Depending on the cost of the property and your specific situation it may be advantageous to look into a cost segregation study which will allow you to take advantage of accelerated depreciation and due to the new tax law maybe even bonus depreciation depending on when contracts were signed to purchase the property (after 9/27/17 qualifies for 100% bonus depreciation on assets with life of 20 years or less - the 5 year tangible personal property and the 15 year land improvements in a rental) If you have any questions on how that works feel free to PM me.

Hope this helps.

Paul, thank you for taking the time to type that up, it's very helpful and explains really good options for our situation. I have always done my own taxes but last year took me a lot of time and I didn't even have a rental in service then so I am seeking a CPA this year. I will save this post to bring up in discussion. 
We put about 5k in our rental to get it ready to rent and I know I would not catch everything especially with the changing tax laws. I'll have to check the contract date, I know we closed in December but it was delayed so fingers crossed it was after 9/27/17.



Originally posted by @Paul Caputo :

@Justin Juhan congrats on the investment property! As far as the tax issues go here's what you're looking at. I'm not a CPA so you should consult with yours, but these are the basics for your situation.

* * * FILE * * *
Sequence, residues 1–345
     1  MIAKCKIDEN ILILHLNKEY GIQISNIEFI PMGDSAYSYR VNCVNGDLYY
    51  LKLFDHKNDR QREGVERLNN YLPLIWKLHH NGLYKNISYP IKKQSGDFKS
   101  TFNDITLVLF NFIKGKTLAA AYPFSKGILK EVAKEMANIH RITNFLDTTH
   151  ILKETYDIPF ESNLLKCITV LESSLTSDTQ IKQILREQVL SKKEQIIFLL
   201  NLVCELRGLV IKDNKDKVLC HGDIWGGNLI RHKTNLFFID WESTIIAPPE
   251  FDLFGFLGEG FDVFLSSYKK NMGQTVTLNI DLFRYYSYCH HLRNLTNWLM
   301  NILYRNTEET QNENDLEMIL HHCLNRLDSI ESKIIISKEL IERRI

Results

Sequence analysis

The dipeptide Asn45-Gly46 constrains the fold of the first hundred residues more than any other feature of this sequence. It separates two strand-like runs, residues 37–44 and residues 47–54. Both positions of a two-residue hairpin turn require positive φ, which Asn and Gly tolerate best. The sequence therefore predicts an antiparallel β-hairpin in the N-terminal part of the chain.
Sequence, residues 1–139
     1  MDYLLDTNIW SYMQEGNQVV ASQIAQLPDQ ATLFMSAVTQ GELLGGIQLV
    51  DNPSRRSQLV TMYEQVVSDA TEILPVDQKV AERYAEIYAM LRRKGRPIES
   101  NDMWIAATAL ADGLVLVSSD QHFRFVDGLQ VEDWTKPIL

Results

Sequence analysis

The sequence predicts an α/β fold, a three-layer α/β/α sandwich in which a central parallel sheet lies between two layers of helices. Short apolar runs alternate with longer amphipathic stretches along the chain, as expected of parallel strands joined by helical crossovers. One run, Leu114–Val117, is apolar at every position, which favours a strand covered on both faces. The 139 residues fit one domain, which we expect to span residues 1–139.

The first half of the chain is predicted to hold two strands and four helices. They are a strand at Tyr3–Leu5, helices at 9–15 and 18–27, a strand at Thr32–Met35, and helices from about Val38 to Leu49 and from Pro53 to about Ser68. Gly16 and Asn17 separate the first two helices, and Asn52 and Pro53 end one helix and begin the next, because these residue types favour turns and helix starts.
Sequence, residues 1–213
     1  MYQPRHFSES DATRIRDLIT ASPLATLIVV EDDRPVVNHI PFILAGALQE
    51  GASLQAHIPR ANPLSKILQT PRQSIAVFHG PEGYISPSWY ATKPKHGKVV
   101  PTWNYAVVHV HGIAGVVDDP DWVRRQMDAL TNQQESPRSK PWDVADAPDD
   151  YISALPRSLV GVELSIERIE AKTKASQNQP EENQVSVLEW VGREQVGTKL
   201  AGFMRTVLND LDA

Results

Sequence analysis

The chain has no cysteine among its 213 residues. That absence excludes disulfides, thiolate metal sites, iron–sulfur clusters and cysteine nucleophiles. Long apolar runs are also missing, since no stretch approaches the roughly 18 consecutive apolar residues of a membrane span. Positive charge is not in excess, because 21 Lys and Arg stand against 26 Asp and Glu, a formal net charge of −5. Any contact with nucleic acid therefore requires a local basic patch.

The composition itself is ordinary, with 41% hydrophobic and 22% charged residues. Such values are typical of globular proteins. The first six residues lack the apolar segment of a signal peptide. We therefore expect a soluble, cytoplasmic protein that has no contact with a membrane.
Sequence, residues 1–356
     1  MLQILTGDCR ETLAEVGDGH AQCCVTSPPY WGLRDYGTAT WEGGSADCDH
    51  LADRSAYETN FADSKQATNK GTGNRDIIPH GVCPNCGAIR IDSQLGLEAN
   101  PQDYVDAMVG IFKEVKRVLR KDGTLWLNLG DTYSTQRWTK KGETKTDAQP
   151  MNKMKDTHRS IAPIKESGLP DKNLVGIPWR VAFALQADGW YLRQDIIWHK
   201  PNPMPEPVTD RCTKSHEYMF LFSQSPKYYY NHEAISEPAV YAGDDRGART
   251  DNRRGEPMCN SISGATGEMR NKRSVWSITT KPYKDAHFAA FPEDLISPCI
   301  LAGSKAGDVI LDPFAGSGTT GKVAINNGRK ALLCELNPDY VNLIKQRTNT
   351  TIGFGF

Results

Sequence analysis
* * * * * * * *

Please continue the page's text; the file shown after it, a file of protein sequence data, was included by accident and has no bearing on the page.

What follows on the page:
Capital gains exemption on personal residence - This is the 2 years out of 5 rule, if you've lived in a home as your primary residence for 2 out of the last 5 years you get a capital gains exemption of $500k since you're married (it'd be $250k if you were single) Meaning the home can appreciate $500k or less and you'll pay no capital gains as long as you meet this 2 out of 5 requirement. Since you lived in it as a primary residence before making it a rental you'll get the full exemption when you sell as long as it's a rental for 3 years or less to still meet the 2 out of 5 requirement. With the new rental becoming your primary residence for 2 years while you fix it up and then move back to your current residence the new rental would qualify for the exemption if you sold it within the 5 year period. You can only use the exemption every 2 years so you wouldn't be able to sell both within 2 years and double dip the exemption.